Article by: Pavlo Kazarin
Vladimir Putin can call Ukraine a fraternal country all he wants and ask it not to forget the common battle against fascism. It is just unclear what kind of audience he is counting on at that moment. Because Ukraine sees Russia as a country which stole its dream twice.
It first happened in the end of winter. When Maidan, in whose success the people believed rather despite the circumstances, managed to break the seemingly concrete Yanukovich. The same person who concentrated in his hands the factories, newspapers, and boats, who controlled the army, police, and special ops. It was a classical story about David and Goliath, which was impossibly cinematographic in its execution.
However, immediately after the President fled, when it seemed that the ‘bright future’ was practically irreversible and inevitable, Russian troops were deployed to Crimea. It was just like in Hollywood movies, when before the credits roll, the director gives an unambiguous hint of the inevitability of a sequel. The Ukrainian Dream, with the already formed pantheon of heroes in the form of the Heaven’s Hundred and its own heroic concept of the victory of the streets of the government, was stolen.
The following months the only thing the country did was adapt itself to a new threat. The volunteer movement grew, the army learned to fight again, the people became used to discerning the caliber and types of troops. The Armed Forces slowly advanced, fighting for square meters of territory and freeing localities. Army departments created corridors to block the border and held them despite Grad fire. And at the moment when victory was within arm’s reach, Russia intervened in the conflict again. As a result, Ilovaysk happened, a hellhole for Ukrainian servicemen, and mass casualties. For the second time the almost-attained victory was lost.
However, each time the Kremlin made amendments to the Ukrainian dream, it won tactically and lost strategically. Because any time Ukraine was rid of its illusion, it was angered and mobilized further. What is more, thanks to Moscow’s actions Ukraine found solutions to many questions it considered unimportant in the previous years.
Henceforth, it is unlikely that Che Guevara prints will be popular here – just because ontologically he is no different from Igor Strelkov. In both cases we are talking about the export of a dream: One of them imposed it on Congo and Bolivia, and the other on Donetsk and Luhansk. Solidarity with one of them means supporting the other. This is why it behooves Ukraine to forget about the picture of the guy in the beret.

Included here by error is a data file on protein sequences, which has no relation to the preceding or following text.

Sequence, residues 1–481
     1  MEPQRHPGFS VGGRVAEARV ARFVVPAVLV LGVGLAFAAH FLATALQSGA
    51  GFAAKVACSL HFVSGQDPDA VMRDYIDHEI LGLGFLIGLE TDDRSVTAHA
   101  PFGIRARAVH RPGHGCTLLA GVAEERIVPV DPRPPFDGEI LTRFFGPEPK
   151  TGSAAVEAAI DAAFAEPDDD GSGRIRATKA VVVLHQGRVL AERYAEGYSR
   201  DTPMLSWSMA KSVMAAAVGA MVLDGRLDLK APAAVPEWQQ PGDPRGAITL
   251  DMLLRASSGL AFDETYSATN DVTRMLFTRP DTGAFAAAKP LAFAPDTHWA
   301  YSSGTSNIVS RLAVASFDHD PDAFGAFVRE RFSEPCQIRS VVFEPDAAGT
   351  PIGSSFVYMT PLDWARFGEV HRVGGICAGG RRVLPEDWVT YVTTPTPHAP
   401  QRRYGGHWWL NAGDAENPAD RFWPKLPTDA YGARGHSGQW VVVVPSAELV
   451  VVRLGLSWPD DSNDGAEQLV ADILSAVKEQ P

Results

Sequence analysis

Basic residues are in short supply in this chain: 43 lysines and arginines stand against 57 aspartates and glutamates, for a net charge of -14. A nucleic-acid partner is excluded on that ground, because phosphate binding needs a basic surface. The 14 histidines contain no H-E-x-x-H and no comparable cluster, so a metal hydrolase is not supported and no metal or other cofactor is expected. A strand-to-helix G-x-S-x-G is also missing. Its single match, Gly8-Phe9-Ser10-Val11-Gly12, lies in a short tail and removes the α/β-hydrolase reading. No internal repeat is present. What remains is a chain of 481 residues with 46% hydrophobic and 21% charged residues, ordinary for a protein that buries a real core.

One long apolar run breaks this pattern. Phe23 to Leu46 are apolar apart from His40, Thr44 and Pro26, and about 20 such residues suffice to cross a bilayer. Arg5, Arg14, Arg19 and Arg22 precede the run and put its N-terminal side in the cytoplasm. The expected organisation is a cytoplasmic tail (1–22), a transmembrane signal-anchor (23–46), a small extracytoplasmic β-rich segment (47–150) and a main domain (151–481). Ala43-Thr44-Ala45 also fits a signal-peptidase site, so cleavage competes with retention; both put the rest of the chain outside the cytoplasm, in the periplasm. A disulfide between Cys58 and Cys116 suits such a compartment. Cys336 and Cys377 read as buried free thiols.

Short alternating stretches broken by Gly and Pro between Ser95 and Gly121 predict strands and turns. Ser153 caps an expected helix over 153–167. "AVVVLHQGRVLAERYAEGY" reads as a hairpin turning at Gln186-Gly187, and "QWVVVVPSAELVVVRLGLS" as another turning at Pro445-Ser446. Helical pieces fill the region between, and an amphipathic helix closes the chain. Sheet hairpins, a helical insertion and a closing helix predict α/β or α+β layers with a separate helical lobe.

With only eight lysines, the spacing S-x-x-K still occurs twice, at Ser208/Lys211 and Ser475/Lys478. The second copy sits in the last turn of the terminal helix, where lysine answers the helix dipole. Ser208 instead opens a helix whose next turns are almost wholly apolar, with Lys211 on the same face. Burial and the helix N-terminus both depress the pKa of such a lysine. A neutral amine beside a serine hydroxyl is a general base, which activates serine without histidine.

Just like Ukraine decided whom it supports in the Israel-Palestine conflict. Just because Ukraine itself feels like an Eastern European Israel of sorts – with its own Hamas and neighboring Egypt, which supports this Hamas by all means. Just like Tel Aviv constantly conflicts with European leftists who sympathize with the “humiliated and the offended” Palestinians, official Kyiv is skeptical about the distanced observational position of the collective OSCE when determining the future of the ‘DNR’ and ‘LNR.’
A year ago moving the Day of the Defender of the Motherland from February 23 to October 14 (the day of Pokrova of the Mother of God and the creation of the UPA) would have been impossible in Ukraine. It would have evoked ardent discussions, political speculation, and even demands to hold a referendum. Today this news goes practically unnoticed in Ukrainian newsreels, and hypertrophically blown out of proportion in Russian ones.
All because the Kremlin itself took away from Ukraine the variety out of which the multi-vector nature of the past two decades grew. Without Crimea and part of Donbas, the country, for the first time in 23 years, elected a Parliament in which it would be impossible to discuss which city is the capital of Ukraine, Kyiv or Moscow.
The Kremlin wanted to weaken Ukraine and it failed. Former Ukraine, soft and mousy, ceased to exist thanks to its actions. A completely different country emerged by Moscow’s side now, and also started shedding its illusions. In normal life this process is called growing up.